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  • McKay Campbell

Former inmates counteract unemployment through entrepreneurship

Zera Coffee Company in Denton, Texas. (Photo courtesy: McKay Campbell)

Incarcerated people face a myriad of obstacles after their release, with employment being near the top of the list. According to Lucius Couloute and Daniel Kopf’s study at Prison Policy Initiative, there is a 27% unemployment rate among formerly incarcerated people in the U.S. Couloute and Kopf found that the formerly incarcerated are 50% less likely to be called back by a potential employer, with a criminal record. Needless to say, the odds are against them.

In 2015, Linda Keena and Chris Simmons performed a study called “Rethink, Reform, Reenter: An Entrepreneurial Approach to Prison Programming” where they measured the impact of in-prison entrepreneurship programming. Even after release, former inmates face what they called “collateral consequences,” which often reside in the workplace. Keena and Simmons wrote that employment is a crucial deterrent to recidivism.

Jared Cavlovic has worked his way from addiction and jail time to now general manager of Zera’s Coffee Shop in Denton, Texas. Zera’s is a non-profit coffee shop affiliated with another local ministry in Denton, the Denton Freedom House. This ministry houses men and women who have struggled with addiction, homelessness and jail time, just to name a few. They then bring those men and women into this freedom house, clothe them and disciple them.

What began as a furniture store with a small coffee shop bloomed into a fully functioning

coffee shop that now hires people coming from these situations.

“Us being in a college town, they started to recognize that people were staying more for the coffee than they were purchasing the furniture,” Cavlovic said.

Cavlovic was a product of the Denton Freedom House. After facing drug and alcohol addiction, he found himself in the Denton County Jail. It was there he heard of and submitted himself to the Denton Freedom House. Once there, he graduated from the program, interned with the ministry, served as assistant manager and has now been promoted to his current position of general manager.

“Zera” is Hebrew for “seed” or “seed sower.” According to Cavlovic, Zera’s mission is to sow seeds into the ministry, and everything purchased in the coffee shop goes directly into that work.

“Everybody deserves a second chance at the end of the day — and we operate at that same standard,” Cavlovic said.

When asked about the struggle inmates face when trying to get jobs, Cavlovic responded that it really depends on the person. Those who desire to get jobs will get jobs. But, there are limited options. Sometimes, former inmates are not always educated on all of their options or even aware of the help available to them.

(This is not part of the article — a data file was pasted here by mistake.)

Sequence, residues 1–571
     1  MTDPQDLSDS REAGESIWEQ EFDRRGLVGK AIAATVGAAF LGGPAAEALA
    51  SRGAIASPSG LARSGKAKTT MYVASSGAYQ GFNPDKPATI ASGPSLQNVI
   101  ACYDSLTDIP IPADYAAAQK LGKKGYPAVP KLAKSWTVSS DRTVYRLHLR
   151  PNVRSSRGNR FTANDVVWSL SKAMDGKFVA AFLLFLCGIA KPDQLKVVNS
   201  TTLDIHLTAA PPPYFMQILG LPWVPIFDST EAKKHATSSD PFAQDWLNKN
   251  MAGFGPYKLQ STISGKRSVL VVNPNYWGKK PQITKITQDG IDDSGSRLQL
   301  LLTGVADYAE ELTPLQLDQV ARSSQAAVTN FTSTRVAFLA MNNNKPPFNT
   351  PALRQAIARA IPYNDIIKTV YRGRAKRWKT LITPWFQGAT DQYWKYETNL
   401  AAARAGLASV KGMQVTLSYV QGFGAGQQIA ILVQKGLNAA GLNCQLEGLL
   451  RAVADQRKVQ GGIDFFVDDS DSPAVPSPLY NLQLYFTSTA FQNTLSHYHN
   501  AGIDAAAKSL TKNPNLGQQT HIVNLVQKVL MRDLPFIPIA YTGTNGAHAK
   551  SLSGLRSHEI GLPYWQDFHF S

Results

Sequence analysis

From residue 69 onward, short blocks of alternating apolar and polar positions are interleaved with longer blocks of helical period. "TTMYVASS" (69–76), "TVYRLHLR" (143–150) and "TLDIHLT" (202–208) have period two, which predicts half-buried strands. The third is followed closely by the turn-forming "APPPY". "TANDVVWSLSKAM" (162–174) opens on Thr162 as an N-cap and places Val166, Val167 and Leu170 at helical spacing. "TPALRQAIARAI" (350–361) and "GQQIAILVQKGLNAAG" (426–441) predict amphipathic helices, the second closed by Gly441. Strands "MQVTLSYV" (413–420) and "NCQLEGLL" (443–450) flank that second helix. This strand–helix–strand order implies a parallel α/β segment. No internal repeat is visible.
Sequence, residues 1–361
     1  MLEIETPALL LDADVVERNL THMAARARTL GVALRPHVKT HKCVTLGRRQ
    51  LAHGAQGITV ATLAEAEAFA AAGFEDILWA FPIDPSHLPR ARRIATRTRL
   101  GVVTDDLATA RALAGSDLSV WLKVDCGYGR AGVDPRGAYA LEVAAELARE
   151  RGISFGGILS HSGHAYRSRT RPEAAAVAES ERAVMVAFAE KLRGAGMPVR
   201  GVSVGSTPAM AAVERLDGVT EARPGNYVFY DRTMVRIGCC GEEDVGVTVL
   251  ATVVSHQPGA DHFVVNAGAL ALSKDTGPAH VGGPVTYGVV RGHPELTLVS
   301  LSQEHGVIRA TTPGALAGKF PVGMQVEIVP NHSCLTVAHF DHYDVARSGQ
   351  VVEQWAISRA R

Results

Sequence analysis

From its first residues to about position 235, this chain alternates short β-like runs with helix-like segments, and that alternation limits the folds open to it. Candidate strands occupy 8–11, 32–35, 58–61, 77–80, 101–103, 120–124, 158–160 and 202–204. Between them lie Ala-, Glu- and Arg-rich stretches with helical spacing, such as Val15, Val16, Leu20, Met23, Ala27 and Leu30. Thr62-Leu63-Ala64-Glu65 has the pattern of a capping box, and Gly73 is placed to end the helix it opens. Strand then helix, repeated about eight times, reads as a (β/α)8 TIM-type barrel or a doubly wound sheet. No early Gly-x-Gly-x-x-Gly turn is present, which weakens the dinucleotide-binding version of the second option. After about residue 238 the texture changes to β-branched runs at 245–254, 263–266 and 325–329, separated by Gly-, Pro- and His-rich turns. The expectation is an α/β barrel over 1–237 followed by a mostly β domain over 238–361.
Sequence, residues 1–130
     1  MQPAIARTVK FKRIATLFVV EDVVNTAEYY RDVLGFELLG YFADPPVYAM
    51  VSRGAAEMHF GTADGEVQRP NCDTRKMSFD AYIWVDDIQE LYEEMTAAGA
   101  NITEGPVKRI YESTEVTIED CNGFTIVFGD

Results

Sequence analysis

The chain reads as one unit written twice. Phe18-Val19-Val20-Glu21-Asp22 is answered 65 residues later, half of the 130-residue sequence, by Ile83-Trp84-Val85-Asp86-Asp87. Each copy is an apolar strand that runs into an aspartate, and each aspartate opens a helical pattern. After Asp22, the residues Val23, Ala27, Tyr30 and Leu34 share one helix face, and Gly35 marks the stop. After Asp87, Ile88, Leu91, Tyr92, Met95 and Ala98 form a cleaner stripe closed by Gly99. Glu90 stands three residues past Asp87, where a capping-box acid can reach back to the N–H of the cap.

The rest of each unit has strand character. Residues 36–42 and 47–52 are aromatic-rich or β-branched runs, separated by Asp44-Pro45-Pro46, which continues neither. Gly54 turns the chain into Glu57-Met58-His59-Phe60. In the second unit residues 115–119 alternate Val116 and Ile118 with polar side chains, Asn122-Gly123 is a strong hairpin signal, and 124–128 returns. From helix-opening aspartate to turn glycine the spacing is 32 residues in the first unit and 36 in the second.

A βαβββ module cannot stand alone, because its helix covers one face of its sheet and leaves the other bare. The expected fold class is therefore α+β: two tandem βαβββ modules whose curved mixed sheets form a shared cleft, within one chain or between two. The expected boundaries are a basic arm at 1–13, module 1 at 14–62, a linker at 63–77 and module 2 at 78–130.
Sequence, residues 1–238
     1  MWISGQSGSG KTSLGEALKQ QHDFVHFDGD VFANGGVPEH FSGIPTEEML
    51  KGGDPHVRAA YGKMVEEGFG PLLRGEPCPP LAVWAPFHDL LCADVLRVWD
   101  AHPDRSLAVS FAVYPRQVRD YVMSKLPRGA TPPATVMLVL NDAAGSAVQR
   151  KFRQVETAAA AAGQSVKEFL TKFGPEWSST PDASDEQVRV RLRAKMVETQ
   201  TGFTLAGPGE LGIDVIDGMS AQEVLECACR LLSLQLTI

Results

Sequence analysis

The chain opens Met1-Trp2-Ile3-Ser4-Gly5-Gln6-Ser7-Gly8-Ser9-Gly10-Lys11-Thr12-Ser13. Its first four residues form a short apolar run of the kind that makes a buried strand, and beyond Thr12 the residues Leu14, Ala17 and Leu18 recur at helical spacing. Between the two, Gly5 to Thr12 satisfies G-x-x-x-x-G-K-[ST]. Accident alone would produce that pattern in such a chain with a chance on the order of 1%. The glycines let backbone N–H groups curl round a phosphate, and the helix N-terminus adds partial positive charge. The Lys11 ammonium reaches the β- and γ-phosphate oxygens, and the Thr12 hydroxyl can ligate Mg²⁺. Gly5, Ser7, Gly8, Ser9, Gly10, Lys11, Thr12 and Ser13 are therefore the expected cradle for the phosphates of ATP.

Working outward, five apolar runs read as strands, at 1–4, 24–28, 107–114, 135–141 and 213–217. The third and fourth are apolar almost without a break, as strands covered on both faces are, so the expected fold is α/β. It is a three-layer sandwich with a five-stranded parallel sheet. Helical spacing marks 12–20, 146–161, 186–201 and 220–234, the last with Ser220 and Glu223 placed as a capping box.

For example, Cavlovic recently found out that as a convicted felon, he qualifies for government grants to go back to school because it is considered rehabilitation for his life, but they did not tell him that.

But, through hard work and dedication to pursuing a better and more fulfilling life, he has been able to be part of a bigger story at Zera’s.

Lindsay Holloway faced a meth addiction for more than eight years. In 2010, she was indicted and found herself facing 10 years in federal prison. But, after being graced by a new prosecutor, she was sent to a re-entry program where she gained discipleship, resume training and interview training.

The prosecutors did not want to lock her up again after seeing her progress. They believed she would not commit another crime. Holloway then continued her education and fell in love with prison ministry. Six years ago, she decided she wanted to help women post-incarceration by opening This is Living Ministries.

The ministry began in 2016 and opened a safe house in 2019 where women could spend the first six months of the 12-month program on discipleship, entrepreneurship, life-skills training, resume building, getting their GEDs, parenting classes and recovery classes.

Holloway noticed that women who go to work immediately are restricted from focusing on themselves. This house gave them a safe place to focus on that growth.

“We set them up in responsibilities in making decisions and give them more exposure to being out in the world,” Holloway said.

In addition to the ministry, Holloway and her husband have a small carpentry and refurbishment business on the side, which they plan to turn into a social enterprise. Then, they can use it as a training ground for women to teach them entrepreneurial skills.

She said she wants to teach the women how to run the social enterprise through marketing, customer service and filing for licensing.

“They will have these skills to use to either help someone else build their business or to build their own,” Holloway said.

In 2019, the Illinois Criminal Justice Information Authority conducted research on the effectiveness of entrepreneurial programming for former inmates. Throughout this program, the inmates were taught entrepreneurial skills that would help them successfully transition back into the community. According to the study, eight of the nine key participants reported back that the training prepared them to either interview for a job or start their own business.

It is programming like this that equips the formerly incarcerated with the needed skillset to successfully re-enter society and become beneficiaries of their community.

By McKay Campbell

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